Make Your Garden's Summer Color Last Well Into Fall With These Tips

If you're not one of those gardeners who think summer is over when September arrives, then maybe you want to know how to keep your garden looking colorful and fresh as the season shifts into autumn. It's very simple to keep your garden looking neat and lively as long as you do a few basic tasks consistently. The three most important tasks to keep the late-season garden colorful are trimming, pruning, and deadheading.

While you can do trimming, pruning, and deadheading all season long in your garden, planning to do it in late summer through autumn helps to keep your plants looking neat at the peak of the season. This also helps them to rebloom and renew their growth to give them a few more weeks of beauty and vigor. You can trim, deadhead, and prune your shrubs, perennials, and annuals easily and with no special tools other than some handheld bypass pruners, and maybe a pair of loppers for larger branches.

Start out slowly and don't trim or prune everything in one area all at once, because in some cases it may take a few days or a couple of weeks for the plant to put out fresh growth. Stagger your efforts over a couple of weeks, so the garden won't look too bare while the new buds and leaves fill in.

Annuals and perennials benefit from deadheading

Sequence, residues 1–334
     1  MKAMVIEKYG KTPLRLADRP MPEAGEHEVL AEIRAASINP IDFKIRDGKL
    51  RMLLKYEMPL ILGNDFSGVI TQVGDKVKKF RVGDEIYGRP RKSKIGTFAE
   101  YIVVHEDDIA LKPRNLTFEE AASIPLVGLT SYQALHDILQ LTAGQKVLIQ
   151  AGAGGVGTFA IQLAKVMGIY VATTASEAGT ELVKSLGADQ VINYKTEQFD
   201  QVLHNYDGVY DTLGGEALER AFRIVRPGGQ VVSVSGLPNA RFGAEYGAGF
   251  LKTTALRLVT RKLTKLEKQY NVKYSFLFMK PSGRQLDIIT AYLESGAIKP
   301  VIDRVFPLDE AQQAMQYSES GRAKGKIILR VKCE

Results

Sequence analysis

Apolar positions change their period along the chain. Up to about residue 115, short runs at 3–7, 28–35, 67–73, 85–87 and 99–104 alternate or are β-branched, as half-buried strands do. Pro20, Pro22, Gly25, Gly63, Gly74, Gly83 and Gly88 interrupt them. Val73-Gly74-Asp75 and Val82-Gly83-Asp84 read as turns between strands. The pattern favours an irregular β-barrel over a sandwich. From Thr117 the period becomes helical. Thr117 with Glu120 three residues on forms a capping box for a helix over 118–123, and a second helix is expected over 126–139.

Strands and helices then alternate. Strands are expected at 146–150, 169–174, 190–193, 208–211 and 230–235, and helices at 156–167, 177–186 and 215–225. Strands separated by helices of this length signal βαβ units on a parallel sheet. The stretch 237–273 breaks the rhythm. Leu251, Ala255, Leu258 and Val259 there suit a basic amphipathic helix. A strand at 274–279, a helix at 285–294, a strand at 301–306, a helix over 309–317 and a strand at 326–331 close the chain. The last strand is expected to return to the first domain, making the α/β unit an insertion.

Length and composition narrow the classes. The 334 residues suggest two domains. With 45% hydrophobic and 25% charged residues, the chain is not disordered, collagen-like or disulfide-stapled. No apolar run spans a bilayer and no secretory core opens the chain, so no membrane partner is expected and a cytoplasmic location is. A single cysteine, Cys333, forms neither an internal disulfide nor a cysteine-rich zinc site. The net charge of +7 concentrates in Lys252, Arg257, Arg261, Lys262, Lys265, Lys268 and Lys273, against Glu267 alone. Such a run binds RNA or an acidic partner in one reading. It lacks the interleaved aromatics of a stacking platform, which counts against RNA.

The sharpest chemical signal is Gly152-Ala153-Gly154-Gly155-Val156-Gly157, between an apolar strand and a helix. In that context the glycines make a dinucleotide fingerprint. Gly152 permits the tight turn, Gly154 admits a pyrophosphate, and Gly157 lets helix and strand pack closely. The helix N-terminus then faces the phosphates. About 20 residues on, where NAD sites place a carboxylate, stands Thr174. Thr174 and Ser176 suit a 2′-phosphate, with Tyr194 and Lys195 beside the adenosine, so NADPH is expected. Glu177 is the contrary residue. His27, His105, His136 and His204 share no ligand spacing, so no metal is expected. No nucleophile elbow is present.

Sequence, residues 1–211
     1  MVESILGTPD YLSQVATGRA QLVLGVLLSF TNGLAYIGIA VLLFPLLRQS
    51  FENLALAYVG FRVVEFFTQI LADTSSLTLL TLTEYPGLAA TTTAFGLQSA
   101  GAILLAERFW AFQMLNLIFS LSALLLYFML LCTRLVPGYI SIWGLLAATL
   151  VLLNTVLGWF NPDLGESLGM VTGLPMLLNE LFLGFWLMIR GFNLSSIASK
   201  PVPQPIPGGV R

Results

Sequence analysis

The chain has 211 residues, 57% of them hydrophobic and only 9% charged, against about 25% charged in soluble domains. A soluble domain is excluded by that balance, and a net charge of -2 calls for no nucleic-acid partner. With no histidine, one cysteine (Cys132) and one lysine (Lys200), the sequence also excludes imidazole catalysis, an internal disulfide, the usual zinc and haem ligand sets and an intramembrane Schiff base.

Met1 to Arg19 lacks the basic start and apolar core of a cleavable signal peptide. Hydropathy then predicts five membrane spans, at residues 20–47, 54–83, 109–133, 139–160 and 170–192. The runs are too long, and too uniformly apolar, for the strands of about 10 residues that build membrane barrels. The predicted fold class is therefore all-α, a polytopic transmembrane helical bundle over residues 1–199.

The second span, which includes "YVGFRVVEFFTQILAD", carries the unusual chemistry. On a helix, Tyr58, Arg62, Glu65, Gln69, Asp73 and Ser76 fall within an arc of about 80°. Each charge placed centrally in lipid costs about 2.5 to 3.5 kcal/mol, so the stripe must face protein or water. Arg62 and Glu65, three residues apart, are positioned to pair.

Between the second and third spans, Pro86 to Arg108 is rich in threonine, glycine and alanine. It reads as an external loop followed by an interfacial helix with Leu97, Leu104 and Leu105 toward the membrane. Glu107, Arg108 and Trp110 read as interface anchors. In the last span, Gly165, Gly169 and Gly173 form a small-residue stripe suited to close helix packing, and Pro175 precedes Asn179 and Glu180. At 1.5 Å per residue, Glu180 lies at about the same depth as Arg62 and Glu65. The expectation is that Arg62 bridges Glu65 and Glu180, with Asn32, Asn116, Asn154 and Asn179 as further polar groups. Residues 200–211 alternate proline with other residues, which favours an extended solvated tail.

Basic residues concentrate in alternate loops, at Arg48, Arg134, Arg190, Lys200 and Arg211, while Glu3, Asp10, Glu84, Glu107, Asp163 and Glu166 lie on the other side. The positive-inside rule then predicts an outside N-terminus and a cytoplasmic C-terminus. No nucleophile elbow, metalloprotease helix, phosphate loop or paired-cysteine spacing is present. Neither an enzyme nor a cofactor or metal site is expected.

Both annuals and perennials benefit from trimming and deadheading, even though their growth cycles are somewhat different. Annuals often produce flowers more vigorously in warm weather, so deadheading them regularly will keep them blooming throughout the season. Deadheading is something most gardeners are familiar with — it simply refers to removing the spent flower heads of a plant once the flowers begin to droop or dry out. You can either pull off the faded flowers, or gently snip the stem, and which one you do may depend on the type of plant. 

For example, your portulacas can be cleaned up by simply running your gloved fingers gently along the stem to clear off any brown flower petals. Petunias also respond well to gently tugging loose or trimming the spent flowers. For low-growing lobelia, snipping off the top one or two inches of the stem allows more buds to form so it will rebloom. Snipping off the spent flowers and the top inch or two of stem is also a good method to use for deadheading your dianthus, snapdragons (perennial or annual), coreopsis, aster, alyssum, phlox, and Shasta daisies.

Late summer upkeep in the garden

Pruning larger shrubs and perennials back is also a good practice in the late summer. For instance, a butterfly bush can be pruned twice — first deadhead the spent flower stalks, then cut the plant back to about 6-12 inches. This stops it from growing too large and also promotes healthy new growth. This same method can be applied to kerria japonica, amsonia, and false indigo. 

Cutting back large clumping perennials that only bloom once is also a good practice and will keep the foliage looking neat. Once the foliage on spring-blooming perennials (like bleeding hearts, peonies, and irises) starts to fade in late summer, you can cut it back. This also applies to summer blooming day lilies, Asiatic lilies, and Oriental lilies. Some of these may grow a small amount of fresh foliage that will last until winter arrives.

To keep the garden looking generally neat as you do your deadheading and trimming, clean up all the dead and discarded growth immediately, and bag it or put it in your compost or brush pile. Birds and other wildlife like to snack on late-season seeds (such as sunflowers and echinacea seeds) and rosehips, so either leave them attached for a while or place them where they can reach them for a good food source.